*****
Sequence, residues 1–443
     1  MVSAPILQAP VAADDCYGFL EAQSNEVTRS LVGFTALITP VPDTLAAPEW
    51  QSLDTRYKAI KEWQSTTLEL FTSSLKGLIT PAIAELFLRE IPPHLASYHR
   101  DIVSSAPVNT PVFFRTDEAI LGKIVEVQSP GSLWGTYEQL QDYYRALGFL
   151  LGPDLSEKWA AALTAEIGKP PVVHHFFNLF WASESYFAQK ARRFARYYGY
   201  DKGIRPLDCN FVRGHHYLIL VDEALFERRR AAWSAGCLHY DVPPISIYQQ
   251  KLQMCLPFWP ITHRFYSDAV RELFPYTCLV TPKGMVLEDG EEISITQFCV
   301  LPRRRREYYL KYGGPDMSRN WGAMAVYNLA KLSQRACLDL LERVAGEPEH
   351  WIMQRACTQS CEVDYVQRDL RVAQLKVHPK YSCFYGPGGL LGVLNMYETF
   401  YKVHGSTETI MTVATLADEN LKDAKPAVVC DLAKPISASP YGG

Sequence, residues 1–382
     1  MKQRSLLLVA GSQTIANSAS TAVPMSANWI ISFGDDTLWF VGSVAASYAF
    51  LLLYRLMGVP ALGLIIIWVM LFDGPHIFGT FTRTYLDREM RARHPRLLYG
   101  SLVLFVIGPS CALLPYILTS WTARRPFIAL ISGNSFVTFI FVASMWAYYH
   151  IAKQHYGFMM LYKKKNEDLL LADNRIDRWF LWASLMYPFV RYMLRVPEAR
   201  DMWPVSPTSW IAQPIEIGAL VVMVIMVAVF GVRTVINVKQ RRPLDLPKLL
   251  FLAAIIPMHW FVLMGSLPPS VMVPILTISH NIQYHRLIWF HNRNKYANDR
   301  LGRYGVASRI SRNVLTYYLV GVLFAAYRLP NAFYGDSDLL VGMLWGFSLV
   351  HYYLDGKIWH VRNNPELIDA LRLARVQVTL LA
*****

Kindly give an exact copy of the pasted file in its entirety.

Sequence, residues 1–443
     1  MVSAPILQAP VAADDCYGFL EAQSNEVTRS LVGFTALITP VPDTLAAPEW
    51  QSLDTRYKAI KEWQSTTLEL FTSSLKGLIT PAIAELFLRE IPPHLASYHR
   101  DIVSSAPVNT PVFFRTDEAI LGKIVEVQSP GSLWGTYEQL QDYYRALGFL
   151  LGPDLSEKWA AALTAEIGKP PVVHHFFNLF WASESYFAQK ARRFARYYGY
   201  DKGIRPLDCN FVRGHHYLIL VDEALFERRR AAWSAGCLHY DVPPISIYQQ
   251  KLQMCLPFWP ITHRFYSDAV RELFPYTCLV TPKGMVLEDG EEISITQFCV
   301  LPRRRREYYL KYGGPDMSRN WGAMAVYNLA KLSQRACLDL LERVAGEPEH
   351  WIMQRACTQS CEVDYVQRDL RVAQLKVHPK YSCFYGPGGL LGVLNMYETF
   401  YKVHGSTETI MTVATLADEN LKDAKPAVVC DLAKPISASP YGG

Sequence, residues 1–382
     1  MKQRSLLLVA GSQTIANSAS TAVPMSANWI ISFGDDTLWF VGSVAASYAF
    51  LLLYRLMGVP ALGLIIIWVM LFDGPHIFGT FTRTYLDREM RARHPRLLYG
   101  SLVLFVIGPS CALLPYILTS WTARRPFIAL ISGNSFVTFI FVASMWAYYH
   151  IAKQHYGFMM LYKKKNEDLL LADNRIDRWF LWASLMYPFV RYMLRVPEAR
   201  DMWPVSPTSW IAQPIEIGAL VVMVIMVAVF GVRTVINVKQ RRPLDLPKLL
   251  FLAAIIPMHW FVLMGSLPPS VMVPILTISH NIQYHRLIWF HNRNKYANDR
   301  LGRYGVASRI SRNVLTYYLV GVLFAAYRLP NAFYGDSDLL VGMLWGFSLV
   351  HYYLDGKIWH VRNNPELIDA LRLARVQVTL LA